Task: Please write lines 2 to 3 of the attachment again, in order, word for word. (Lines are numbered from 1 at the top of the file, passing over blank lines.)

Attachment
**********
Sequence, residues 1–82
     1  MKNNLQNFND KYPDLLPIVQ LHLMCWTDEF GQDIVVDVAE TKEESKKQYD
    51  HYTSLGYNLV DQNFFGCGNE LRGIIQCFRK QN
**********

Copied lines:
     1  MKNNLQNFND KYPDLLPIVQ LHLMCWTDEF GQDIVVDVAE TKEESKKQYD
    51  HYTSLGYNLV DQNFFGCGNE LRGIIQCFRK QN